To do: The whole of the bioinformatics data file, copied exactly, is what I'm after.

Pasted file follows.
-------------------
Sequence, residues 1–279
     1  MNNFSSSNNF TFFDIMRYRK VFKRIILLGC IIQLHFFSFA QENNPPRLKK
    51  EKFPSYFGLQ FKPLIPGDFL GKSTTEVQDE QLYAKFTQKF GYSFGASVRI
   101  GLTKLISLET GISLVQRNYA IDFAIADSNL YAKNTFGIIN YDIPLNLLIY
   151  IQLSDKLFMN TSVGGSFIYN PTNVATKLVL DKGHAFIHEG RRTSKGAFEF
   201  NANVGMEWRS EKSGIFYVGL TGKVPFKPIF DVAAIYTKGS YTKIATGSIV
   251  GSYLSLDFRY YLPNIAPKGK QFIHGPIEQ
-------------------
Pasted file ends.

Sequence, residues 1–279
     1  MNNFSSSNNF TFFDIMRYRK VFKRIILLGC IIQLHFFSFA QENNPPRLKK
    51  EKFPSYFGLQ FKPLIPGDFL GKSTTEVQDE QLYAKFTQKF GYSFGASVRI
   101  GLTKLISLET GISLVQRNYA IDFAIADSNL YAKNTFGIIN YDIPLNLLIY
   151  IQLSDKLFMN TSVGGSFIYN PTNVATKLVL DKGHAFIHEG RRTSKGAFEF
   201  NANVGMEWRS EKSGIFYVGL TGKVPFKPIF DVAAIYTKGS YTKIATGSIV
   251  GSYLSLDFRY YLPNIAPKGK QFIHGPIEQ